New York is a city that is under constant pressure of transformation, resulting from the impact of numerous shocks and stresses. Especially the city’s waterfronts are very susceptible to these impacts because of their location and industrial history. Simultaneously, these post-industrial waterfronts are interesting hybrid transition areas between the water and the city. Areas that embody rationalities of both conditions, with a conglomerate of numerous different urban profiles. Following this hybridity and complexity, these areas are highly condensed representations of urbanity. Understanding these areas allows us to gain insights on resilience, shock-impact, cooperation, transformation and socio-economic conditions. This presentation will explore the post-industrial nature of New York City’s waterfronts, and go into a detailed analysis of the area of the Coney Island Creek, an interesting hybrid and post-industrial landscape that is at a crucial momentum before redevelopment.
- 10 December 2020, 11.00
Provoking public architecture
(update: new link)
This practice-based research is founded on 25 years of concrete, i.e. personal architectural practice (1995-2020), executed both in public and private capacity. Hence, the knowledge it wishes to produce is clearly linked to and aiming at critically informing (near) future architectural practice. The general stance for the underlying research is the assumption that architecture – if it wishes to produce any relevant societal effect – should be conceived, developed and performed in a pro- active and unsolicited manner. Architectural practice – in my understanding – revolves around finding freedoms; detecting cracks in the system(s) and operating within these political rifts accordingly. The original knowledge produced by this research stems from the critical (re- )reading and bundling of four ‘recalcitrant’ European architectural practices (René Heyvaert, Luc Deleu & T.O.P. office, Willy Van Der Meeren, Lode Janssens). An auto-critical rereading of my personal practice through the project ‘Le Musée et Son Double / S.M.A.K.’ will operate as a fifth instalment. Though not to be further developed as a conceptual trope in itself, all five practices are intimately linked to the former Sint-Lucas School of Architecture educational training (Brussels/Ghent), more specifically the period delimited by the second part of the 20th century (1950-1995). This educational era was characterised by unrestricted (perhaps even uncontrolled) pro-active architectural thinking and subsequent societal positioning. The architects and practices analysed in this research have deliberately taken on a clear and necessary variety of architectural roles: creator, builder, educator, producer, activist, policy whisperer, … the 4 + 1 practices have been developers of an unsolicited architectural production. In this research, they are grouped for the very first time, though in an open manner. Moreover, this grouping attempt is equally informed by my personal practice development and the relationships I still have or had with them.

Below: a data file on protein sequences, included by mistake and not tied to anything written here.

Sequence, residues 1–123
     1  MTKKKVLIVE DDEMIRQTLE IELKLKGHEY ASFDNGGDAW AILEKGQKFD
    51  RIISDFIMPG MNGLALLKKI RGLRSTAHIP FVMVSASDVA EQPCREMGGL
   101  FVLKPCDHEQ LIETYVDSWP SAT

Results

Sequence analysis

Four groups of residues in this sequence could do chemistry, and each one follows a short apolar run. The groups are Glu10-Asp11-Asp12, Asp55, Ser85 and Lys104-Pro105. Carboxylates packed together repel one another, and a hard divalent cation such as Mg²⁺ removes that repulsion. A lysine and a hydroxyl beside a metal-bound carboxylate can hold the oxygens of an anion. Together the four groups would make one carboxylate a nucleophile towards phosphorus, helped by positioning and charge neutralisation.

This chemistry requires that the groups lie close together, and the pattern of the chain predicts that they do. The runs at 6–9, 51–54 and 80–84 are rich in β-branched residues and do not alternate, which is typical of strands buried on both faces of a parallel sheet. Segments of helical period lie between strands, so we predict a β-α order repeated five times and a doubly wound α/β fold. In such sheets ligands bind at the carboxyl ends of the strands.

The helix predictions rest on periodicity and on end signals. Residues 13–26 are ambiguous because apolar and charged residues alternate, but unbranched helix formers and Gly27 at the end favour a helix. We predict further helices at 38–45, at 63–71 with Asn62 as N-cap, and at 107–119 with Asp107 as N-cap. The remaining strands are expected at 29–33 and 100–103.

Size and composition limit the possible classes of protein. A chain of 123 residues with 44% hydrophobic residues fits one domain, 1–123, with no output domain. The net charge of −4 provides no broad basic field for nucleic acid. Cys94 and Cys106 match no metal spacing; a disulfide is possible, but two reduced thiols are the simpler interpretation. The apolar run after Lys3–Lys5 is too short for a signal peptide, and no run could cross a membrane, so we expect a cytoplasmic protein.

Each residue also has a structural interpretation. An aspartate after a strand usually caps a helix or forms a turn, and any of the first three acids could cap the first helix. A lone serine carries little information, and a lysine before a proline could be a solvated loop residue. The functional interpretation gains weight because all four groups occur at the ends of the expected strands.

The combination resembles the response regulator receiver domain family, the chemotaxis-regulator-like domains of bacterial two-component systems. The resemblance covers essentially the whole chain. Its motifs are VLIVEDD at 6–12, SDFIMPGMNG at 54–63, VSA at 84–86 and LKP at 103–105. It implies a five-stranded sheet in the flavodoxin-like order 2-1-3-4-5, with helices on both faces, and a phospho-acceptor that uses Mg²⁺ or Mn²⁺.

- 10 December 2020, 12.00